The greatest need in Naugatuck concerning land is passive open space, that is land with no impervious surfaces, no hard surfaces. Some people have mentioned the need to protect wildlife habitat. Passive open space does that.
Land in the hands of private developers has led to sprawl throughout Naugatuck and higher taxes. The deed restriction declaring passive open space at the publicly owned Gunntown property was a first step in the right direction.
The new town land purchase along Andrew Mountain Road can go in the direction of righting the environmental situation in our town by adding it as passive open space. Indeed, every neighborhood in Naugatuck should look to have passive open space either through town purchases or through the Naugatuck Land Trust (NLT).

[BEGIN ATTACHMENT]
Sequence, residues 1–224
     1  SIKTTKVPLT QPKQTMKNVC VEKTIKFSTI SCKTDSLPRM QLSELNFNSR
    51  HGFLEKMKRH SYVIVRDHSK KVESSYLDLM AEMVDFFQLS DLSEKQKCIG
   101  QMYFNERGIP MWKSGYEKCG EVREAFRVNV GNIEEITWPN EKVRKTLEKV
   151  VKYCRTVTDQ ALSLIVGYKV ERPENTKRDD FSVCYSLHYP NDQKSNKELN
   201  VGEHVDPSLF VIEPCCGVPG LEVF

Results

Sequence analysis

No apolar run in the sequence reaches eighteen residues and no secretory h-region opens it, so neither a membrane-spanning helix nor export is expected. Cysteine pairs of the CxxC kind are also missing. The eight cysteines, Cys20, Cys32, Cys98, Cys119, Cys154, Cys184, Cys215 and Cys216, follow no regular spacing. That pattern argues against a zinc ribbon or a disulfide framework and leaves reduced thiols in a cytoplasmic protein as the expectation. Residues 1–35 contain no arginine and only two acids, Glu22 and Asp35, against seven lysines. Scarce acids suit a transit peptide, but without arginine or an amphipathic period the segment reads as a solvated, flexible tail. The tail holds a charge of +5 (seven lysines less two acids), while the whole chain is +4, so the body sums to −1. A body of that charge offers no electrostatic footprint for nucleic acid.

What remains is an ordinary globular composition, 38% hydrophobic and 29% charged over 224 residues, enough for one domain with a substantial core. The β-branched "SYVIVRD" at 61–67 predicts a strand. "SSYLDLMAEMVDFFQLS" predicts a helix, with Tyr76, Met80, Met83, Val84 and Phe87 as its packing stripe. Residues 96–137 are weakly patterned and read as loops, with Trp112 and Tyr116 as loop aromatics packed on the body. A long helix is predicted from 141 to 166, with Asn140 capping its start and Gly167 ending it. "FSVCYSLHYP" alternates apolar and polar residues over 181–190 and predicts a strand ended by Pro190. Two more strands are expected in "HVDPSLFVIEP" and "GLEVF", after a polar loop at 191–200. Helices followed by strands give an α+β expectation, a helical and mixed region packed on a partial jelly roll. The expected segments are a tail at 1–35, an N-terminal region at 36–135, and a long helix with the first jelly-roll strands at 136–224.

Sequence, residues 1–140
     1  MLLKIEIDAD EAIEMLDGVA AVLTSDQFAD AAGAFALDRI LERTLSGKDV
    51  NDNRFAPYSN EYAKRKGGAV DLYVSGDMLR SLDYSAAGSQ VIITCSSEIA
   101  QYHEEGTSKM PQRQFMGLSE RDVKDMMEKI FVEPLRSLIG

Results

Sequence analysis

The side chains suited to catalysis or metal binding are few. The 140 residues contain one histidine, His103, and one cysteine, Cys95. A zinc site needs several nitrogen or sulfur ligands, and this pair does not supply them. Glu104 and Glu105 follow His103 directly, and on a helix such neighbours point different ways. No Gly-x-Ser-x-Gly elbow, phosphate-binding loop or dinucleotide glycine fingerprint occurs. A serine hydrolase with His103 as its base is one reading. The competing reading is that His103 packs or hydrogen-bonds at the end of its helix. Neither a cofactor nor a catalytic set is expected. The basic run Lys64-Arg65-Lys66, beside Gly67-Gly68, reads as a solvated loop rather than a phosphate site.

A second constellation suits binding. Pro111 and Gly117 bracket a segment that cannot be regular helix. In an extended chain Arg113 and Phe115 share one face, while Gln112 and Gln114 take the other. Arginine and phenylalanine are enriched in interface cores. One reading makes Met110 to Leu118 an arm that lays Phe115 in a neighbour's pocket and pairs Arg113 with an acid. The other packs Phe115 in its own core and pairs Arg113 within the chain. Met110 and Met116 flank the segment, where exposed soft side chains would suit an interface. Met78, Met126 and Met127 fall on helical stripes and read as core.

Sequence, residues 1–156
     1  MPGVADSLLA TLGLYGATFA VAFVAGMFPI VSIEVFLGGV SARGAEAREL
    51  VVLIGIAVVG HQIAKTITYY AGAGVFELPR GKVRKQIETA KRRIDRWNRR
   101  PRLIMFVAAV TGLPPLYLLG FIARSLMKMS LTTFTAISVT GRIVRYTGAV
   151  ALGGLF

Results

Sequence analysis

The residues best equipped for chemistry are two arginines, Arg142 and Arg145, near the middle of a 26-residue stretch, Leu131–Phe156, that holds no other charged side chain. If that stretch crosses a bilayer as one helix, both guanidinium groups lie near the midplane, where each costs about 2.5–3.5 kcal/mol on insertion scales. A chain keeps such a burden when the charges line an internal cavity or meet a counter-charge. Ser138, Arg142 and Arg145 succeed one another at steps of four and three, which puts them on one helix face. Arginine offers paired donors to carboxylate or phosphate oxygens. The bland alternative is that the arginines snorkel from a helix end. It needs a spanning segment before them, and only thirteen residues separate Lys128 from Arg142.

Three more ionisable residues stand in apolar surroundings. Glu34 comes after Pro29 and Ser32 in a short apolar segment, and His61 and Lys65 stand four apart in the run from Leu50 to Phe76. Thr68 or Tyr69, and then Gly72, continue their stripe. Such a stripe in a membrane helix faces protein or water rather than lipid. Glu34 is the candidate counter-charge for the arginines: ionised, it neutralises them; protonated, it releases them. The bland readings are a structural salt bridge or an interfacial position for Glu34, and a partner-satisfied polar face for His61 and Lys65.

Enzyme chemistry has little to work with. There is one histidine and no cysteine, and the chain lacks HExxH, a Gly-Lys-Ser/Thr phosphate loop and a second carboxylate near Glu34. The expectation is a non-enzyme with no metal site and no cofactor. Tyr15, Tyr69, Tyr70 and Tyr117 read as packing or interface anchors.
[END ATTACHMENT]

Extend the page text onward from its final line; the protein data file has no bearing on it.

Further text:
Concerning the NLT, a conservation easement should be considered by the town in the possible purchase of the Wilmont property. This is also important for the Gunntown Passive Park & Nature Preserve as the Wilmont property is contiguous with it.
Naugatuck sorely needs a Conservation Commission to oversee public passive open space in town.
We need public officials, meaning the Mayor and town Burgesses in the first place, to say loud and clear that passive open space is the priority. Stand with the community and the community will stand with you.
Leoard Yannielli is a member of a Gunntown preservation group, and is also a member of the Naugatuck Cultural Council. He is a professor emeritus at Naugatuck Valley Community College.